I really enjoyed the Leadership Conference. It was a real joy to meet new friends and colleagues from around the region. But I have to admit that there were times during the sessions — especially those sessions given entirely in Nepali — that I couldn't help thinking, "I'd sure love to be playing with the kids right now."

Over the last couple of days, we've made up for lost time and jumped into the playing, the dancing and the laughing — with gusto. Monday was Republic Day, a celebration of the country's full independence from British rule, which was finally achieved 66 years ago when India's first constitution took effect. We spent a couple of hours in the morning attending a parade at the town's stadium.

School children join in a parade to celebrate India's Republic Day.

Later, we capped a full afternoon and evening of home visits and playing by attending a concert given in our honor by our kids. We gathered in the upper room at one of our houses, and enjoyed a full two hours (maybe more!) of songs, skits and dances, prepared by our kids for our enjoyment. 

You would not believe the beauty, the skill, the joy — but you'll have to, because my camera battery died right before the concert, and I had somehow failed to charge my backup. I took some iPhone video, but the room was dimly lit and the footage looks like it was smuggled out of cold war East Berlin, shot with a 70s-era CIA-issue potato-camera. So, about an hour or so into the concert, I committed to not stressing out about the lack of a decent camera, and I just threw myself into enjoying the evening.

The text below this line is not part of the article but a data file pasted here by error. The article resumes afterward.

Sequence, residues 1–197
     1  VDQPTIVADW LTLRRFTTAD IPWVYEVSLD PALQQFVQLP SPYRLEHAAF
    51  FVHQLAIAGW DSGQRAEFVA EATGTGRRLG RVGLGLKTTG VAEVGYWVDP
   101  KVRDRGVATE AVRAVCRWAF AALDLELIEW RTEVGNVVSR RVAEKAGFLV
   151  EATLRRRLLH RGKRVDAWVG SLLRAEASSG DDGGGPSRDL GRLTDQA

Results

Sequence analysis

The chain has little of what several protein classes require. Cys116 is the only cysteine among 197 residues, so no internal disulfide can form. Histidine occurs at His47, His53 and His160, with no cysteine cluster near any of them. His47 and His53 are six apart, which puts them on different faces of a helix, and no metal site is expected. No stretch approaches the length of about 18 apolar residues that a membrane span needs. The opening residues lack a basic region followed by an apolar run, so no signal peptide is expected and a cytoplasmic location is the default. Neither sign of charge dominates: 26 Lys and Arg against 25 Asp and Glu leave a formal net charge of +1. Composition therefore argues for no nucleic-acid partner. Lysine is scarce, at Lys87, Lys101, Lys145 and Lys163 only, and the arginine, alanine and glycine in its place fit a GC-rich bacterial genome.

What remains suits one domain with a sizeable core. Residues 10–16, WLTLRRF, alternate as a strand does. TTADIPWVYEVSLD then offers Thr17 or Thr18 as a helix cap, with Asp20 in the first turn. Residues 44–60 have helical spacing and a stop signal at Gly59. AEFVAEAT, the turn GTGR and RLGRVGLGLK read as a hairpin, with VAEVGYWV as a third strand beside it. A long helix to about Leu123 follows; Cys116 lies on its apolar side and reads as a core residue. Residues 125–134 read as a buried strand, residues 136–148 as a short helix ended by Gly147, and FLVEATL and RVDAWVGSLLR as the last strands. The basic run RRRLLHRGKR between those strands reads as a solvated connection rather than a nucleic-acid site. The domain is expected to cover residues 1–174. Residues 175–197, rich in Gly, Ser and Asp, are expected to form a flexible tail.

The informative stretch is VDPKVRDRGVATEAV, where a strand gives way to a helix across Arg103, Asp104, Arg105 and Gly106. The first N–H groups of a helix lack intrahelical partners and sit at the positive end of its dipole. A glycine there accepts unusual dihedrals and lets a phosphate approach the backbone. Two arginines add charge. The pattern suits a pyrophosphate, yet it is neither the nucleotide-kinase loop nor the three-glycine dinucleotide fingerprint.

After the concert, we ate a delicious dinner prepared by our staff. Our team assumed that we would leave for our hotel shortly after dinner. We had no idea that the staff had prepared a bonfire in the front yard — perfect for the chilly mountain evening — and had set up speakers for a dance party.

And so we danced. From the oldest — Dr. John Campbell — to the youngest — tiny two-year-old Sabina — we all twisted and shouted, boogied and bopped. After more than two hours, with our hearts full and our strength emptied, the moms and dads turned off the music and sent us stumbling back to our hotel.

I regret not having good pictures and video from the evening, but I wonder if I would have had as much fun if I'd been trying to capture it all for posterity. Some moments are best lived only once. Perhaps this was one of them.

Yesterday was more relaxed. We walked around the town and did a little shopping in the morning and then headed out to visit home 2 in the afternoon. We played cricket, carem and badminton and shared tea and prayers with Pastor Sunil, his wife Punam, their wonderful daughters, the staff and kids.

Today will be more of the same. I have a little bit of work work to do — new headshot photos of each of the kids, some strategy discussion with our national director — but I expect to have plenty of time for fun and games with the kids.

John McCollumComment